The response from Mininova’s users is mostly negative, with one commenter saying “Shame to see such a nice site decide to go hang itself,” and another adding “Wow, guess you guys are caving under the pressure. Too bad its all over now.”

The effectiveness of this filtering system, and how it will affect mininova’s popularity is yet to be seen, but it sure is a radical development.

Breaking story, more info will be added.

BitTorrent Trackers Close En Masse After Pirate Bay Verdict
Written by Ernesto on April 20, 2009

Several private BitTorrent trackers including Nordicbits, Powerbits, Piratebits, MP3nerds and Wolfbits, have closed down after the Pirate Bay verdict came in last Friday. Other trackers are set to follow this example in what could be the greatest voluntary tracker collapse ever.

Operating a BitTorrent tracker from Sweden is not as fun as it used to be, last Friday ruined all that. What was once considered a safe haven for BitTorrent sites, is now a Bermuda Triangle for some previously very active BitTorrent trackers. The harsh verdict against the four individuals involved with the largest BitTorrent tracker on the Internet led to worries among those who operate similar sites in Sweden and elsewhere.

In the days following the verdict, several large and small BitTorrent trackers have decided to close down and more are expected to follow suit in the days to come. One of the sites that has closed its doors is NordicBits, which displays a message citing the verdict as one of the reasons for the closure.

    We have to shut down the site now due all circumstances. We don’t have time to do anything to the code, we don’t have interest in it, we don’t have any more money and the biggest reason is The Pirate Bay info.

Rumors say that at least a dozen trackers will discontinue operations in the days to come including Swebits, who have already shut down their tracker but not the site itself. SeedIT, a relatively small community is another tracker that’s decided to shut - they posted their latest torrent a few hours ago, titled:

Several of the trackers that are now offline were operated by Swedes, who are worried that they might be facing legal troubles as well. In addition, there are many other BitTorrent trackers hosted in Sweden run by non-Swedes - time will tell how they respond.

The Pirate Bay continues business as usual as the defendants appeal their case, but in the meantime the Swedish anti-piracy lobby will use the verdict to their advantage. Uncertain times.

The Pirate Bay Trial: The Official Verdict - Guilty
Written by enigmax on April 17, 2009

Just minutes ago the verdict in the case of The Pirate Bay Four was announced. All four defendants were accused of ‘assisting in making copyright content available’. Peter Sunde: Guilty. Fredrik Neij: Guilty. Gottfrid Svartholm: Guilty. Carl Lundström: Guilty. The four receive 1 year in jail each and fines totaling $3,620,000.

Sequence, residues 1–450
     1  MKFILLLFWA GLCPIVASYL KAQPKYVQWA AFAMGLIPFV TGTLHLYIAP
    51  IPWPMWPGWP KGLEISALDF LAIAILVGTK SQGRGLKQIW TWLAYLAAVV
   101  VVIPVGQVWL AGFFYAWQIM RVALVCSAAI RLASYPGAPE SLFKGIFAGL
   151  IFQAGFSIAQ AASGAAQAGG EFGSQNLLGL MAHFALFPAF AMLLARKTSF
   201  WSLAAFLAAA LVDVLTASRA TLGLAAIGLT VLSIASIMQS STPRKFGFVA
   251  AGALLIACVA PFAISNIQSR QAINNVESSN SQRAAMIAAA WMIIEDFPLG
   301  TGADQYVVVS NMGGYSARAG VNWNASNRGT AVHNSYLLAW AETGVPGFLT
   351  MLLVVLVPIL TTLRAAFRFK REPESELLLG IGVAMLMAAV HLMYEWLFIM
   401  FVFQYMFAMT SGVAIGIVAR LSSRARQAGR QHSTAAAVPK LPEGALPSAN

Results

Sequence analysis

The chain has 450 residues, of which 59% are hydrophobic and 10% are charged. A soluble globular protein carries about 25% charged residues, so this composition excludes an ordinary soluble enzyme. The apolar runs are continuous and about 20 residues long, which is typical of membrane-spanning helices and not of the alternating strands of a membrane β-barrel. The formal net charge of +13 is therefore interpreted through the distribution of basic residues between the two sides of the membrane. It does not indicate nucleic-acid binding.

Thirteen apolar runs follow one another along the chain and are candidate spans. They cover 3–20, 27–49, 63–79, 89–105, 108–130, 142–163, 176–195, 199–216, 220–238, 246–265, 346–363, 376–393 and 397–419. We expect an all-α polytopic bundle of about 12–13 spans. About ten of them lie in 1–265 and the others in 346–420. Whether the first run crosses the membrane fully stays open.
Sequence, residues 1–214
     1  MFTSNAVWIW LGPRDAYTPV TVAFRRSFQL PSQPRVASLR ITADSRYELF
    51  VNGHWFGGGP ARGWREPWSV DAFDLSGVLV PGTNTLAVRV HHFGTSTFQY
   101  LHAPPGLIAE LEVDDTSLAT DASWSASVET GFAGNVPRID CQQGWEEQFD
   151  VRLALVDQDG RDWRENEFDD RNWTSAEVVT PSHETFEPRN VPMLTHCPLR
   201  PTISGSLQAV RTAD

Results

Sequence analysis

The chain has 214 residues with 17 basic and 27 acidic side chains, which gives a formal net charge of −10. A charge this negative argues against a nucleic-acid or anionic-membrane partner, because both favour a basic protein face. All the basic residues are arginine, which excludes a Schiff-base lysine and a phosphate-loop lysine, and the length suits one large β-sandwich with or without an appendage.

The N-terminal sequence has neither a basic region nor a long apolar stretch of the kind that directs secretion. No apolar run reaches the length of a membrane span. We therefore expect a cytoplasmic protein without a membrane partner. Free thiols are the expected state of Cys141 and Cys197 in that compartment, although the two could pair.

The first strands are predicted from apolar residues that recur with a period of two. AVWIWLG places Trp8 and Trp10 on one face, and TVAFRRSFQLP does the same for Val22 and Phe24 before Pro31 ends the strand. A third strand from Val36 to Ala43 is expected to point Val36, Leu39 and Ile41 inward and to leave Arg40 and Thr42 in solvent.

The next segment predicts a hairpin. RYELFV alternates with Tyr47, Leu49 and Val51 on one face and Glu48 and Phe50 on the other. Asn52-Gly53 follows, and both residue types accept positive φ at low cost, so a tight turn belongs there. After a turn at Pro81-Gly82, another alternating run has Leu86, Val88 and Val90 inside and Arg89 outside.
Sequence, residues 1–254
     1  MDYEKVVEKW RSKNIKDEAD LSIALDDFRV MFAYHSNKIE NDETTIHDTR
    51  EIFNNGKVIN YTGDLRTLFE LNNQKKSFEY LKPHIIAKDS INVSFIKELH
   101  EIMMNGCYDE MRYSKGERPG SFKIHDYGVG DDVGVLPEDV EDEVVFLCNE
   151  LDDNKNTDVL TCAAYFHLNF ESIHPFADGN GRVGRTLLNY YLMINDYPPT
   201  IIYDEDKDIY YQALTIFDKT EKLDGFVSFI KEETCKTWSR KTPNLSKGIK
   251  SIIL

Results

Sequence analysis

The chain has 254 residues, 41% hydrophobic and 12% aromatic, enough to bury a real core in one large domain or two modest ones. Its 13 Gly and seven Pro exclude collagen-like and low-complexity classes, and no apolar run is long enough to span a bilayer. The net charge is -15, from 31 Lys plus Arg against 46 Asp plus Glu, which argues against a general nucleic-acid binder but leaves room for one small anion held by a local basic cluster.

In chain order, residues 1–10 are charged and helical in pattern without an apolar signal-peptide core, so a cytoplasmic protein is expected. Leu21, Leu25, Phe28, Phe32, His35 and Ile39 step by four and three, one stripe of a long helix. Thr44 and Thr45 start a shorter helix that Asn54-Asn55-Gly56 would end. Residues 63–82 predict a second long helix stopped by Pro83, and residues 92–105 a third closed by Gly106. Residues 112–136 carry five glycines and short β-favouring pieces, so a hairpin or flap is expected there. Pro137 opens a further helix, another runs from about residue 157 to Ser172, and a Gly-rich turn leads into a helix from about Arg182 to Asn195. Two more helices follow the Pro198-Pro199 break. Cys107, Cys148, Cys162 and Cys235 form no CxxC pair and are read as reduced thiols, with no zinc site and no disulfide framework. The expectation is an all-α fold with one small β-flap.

While only a few weeks ago, it seems like an eternity since the trial of The Pirate Bay Four ended and the court retired to consider its verdict. The prosecution claimed that the four defendants were ‘assisting in making copyright content available’ and demanded millions of dollars in damages. The defense did not agree, and all pleaded not guilty - backed up by the inimitable King Kong defense.

Today, Friday April 17, the court issued its decision: article continuously updated

“The court has found that by using Pirate Bay’s services there has been file-sharing of music, films and computer games to the extent the prosecutor has stated in his case,” said the district court. “This file-sharing constitutes an unlawful transfer to the public of copyrighted performances.”

Peter Sunde (born September 13, 1978) alias ‘brokep’:

Verdict: Guilty - 1 year in prison, damages to pay: $905,000

Peter Althin, brokep’s lawyer said, “I spoke to Peter and he wasn’t very surprised. A journalist he’d spoken to knew an hour before it was public that all four would be convicted. The verdict was leaked from the court. I have to think about what effects that can have on the sentence. It is unacceptable that the court is leaking.”

Fredrik Neij (born April 27, 1978) alias ‘TiAMO’:

Verdict: Guilty - 1 year in prison, damages to pay: $905,000

Similar to the other defendants, Fredrik Neij was not present to hear the verdict. He currently lives in Thailand from where he manages The Pirate Bay’s servers.

Gottfrid Svartholm (October 17, 1984) alias ‘Anakata’:

Verdict: Guilty - 1 year in prison, damages to pay: $905,000

Anakata’s lawyer Ola Salomonsson said, “We’re appealing. It’s very surprising that the court has chosen to treat the accused as a team.”

Carl Lundström (born April 13, 1960)

Verdict: Guilty - 1 year in prison, damages to pay: $905,000

Carl Lundström’s verdict came as a surprise to most people since he was only remotely related to The Pirate Bay. His lawyer Per E Samuelsson announced that he has already sent in his appeal and the others are expected to follow soon.